New York joins growing movement for automatic voter registration
New York lawmakers passed a bill this week to establish automatic voter registration, making it the second most populous state to do so.
The state Senate passed the measure Wednesday and the Assembly followed suit a day later, sending the legislation to Gov. Andrew Cuomo's desk. If AVR gets the Democratic governor's approval, it will go into effect at the start of 2023.
Easing the voter registration process has been a growing movement across the country. Over the last five years, 19 other states (including California, the most populous state) and D.C. have enacted AVR, and all but three of these states have the process set up for this year's election.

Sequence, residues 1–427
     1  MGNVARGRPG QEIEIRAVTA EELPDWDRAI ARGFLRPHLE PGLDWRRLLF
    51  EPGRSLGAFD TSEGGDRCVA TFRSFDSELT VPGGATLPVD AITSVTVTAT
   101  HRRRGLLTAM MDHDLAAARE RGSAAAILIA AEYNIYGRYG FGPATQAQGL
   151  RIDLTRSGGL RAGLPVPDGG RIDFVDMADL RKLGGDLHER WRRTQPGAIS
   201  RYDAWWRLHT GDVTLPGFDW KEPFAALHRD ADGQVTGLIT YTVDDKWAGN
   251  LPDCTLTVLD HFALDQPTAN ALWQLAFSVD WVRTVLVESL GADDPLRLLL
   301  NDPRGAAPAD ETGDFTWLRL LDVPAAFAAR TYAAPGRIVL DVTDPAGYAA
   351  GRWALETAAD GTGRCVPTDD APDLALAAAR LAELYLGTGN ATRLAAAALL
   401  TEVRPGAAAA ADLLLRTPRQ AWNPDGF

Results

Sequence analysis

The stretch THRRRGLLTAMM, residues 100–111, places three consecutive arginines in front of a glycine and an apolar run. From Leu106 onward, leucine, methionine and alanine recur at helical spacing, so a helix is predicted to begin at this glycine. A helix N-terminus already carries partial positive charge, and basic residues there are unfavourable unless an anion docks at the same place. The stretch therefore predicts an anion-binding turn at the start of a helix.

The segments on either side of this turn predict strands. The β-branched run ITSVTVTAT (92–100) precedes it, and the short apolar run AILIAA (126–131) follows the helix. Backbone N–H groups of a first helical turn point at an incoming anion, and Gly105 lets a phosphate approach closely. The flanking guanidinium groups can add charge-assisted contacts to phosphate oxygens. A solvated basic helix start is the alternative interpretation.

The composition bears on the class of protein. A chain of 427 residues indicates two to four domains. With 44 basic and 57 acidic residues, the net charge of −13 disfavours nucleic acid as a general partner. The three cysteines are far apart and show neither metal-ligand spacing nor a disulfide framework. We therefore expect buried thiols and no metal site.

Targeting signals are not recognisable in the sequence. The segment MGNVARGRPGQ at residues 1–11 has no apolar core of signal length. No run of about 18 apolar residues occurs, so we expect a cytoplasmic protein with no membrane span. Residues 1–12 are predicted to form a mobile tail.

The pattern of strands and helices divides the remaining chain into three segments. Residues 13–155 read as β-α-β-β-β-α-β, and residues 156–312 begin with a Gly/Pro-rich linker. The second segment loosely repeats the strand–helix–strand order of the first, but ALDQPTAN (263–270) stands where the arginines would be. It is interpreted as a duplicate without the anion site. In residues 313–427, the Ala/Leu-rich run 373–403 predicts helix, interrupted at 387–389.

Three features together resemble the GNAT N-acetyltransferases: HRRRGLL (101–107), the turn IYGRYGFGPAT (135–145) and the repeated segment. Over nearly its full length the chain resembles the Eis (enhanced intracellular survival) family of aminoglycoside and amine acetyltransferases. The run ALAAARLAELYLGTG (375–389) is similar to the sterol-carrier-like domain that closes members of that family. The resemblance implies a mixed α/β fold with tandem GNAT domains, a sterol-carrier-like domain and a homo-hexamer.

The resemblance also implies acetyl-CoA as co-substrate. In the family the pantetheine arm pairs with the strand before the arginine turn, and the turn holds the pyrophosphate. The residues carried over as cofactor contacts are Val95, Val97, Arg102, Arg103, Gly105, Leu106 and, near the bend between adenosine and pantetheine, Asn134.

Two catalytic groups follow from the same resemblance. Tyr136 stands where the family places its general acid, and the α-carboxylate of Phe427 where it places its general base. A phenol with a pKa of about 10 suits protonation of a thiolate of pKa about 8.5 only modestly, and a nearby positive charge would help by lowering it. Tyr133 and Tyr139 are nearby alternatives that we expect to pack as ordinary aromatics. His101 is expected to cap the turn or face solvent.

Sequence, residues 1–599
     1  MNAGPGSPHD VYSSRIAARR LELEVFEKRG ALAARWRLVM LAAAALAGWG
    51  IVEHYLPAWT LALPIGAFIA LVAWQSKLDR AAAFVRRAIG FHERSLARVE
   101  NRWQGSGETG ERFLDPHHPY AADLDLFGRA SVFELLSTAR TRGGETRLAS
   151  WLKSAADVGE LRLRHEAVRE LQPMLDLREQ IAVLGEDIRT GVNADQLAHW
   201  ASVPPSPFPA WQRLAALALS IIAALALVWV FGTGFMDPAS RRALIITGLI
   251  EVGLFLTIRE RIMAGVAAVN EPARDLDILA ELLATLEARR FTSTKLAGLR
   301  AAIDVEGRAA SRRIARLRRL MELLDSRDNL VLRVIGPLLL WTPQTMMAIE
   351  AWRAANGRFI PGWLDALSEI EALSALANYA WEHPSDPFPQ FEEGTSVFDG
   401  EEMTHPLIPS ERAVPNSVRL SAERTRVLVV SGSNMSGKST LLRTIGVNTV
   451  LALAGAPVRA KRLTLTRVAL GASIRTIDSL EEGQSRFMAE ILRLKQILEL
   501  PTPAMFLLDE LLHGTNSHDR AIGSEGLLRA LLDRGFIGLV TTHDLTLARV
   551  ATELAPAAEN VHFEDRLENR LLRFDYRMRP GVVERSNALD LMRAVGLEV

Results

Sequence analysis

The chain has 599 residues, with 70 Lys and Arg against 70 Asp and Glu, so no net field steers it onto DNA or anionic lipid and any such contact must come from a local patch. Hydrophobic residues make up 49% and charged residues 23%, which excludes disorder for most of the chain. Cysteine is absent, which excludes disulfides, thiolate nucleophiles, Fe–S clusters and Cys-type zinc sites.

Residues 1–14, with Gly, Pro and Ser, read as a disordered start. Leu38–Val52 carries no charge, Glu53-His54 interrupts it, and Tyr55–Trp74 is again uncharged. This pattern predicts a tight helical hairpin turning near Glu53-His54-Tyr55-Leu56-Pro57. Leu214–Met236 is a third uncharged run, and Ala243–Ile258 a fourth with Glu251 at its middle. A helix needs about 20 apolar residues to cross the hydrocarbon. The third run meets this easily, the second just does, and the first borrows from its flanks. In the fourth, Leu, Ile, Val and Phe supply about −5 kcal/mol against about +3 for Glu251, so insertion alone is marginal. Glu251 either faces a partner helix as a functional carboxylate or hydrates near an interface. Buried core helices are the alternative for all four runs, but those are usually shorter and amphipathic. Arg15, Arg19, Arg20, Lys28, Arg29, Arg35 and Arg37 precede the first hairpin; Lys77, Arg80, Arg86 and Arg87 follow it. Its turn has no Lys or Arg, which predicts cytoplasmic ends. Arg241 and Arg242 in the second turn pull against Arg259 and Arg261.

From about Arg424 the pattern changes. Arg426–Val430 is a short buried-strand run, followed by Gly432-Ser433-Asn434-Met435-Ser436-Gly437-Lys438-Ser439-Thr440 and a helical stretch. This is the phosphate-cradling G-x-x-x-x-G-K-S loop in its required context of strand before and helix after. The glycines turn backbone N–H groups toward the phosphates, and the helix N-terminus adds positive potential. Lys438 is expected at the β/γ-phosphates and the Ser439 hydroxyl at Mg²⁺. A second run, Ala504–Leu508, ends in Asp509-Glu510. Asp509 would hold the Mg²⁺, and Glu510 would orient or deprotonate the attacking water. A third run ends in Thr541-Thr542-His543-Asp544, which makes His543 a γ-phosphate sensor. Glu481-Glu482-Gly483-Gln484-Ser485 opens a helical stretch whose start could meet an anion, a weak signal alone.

The Democratic lawmakers who pushed the bill through this session say AVR will help register 2 million New Yorkers who are eligible to vote but are not currently on the rolls.
But because this registration process won't go into effect for another three years, New Yorkers not on the voter rolls will need to register online or by mail by Oct. 9 to vote in the November election.
Once AVR goes into effect, New Yorkers will be automatically registered, unless they wish to opt out, when they visit the DMV or another state agency.
"At a time when some states are trying to make it harder for people to vote, it's great to see New York moving closer to a reform that has dramatically increased registration every place it has been implemented," said Sean Morales-Doyle of the Brennan Center for Justice, a prominent progressive, good-government group that advocates for voting easements and other democracy reforms.
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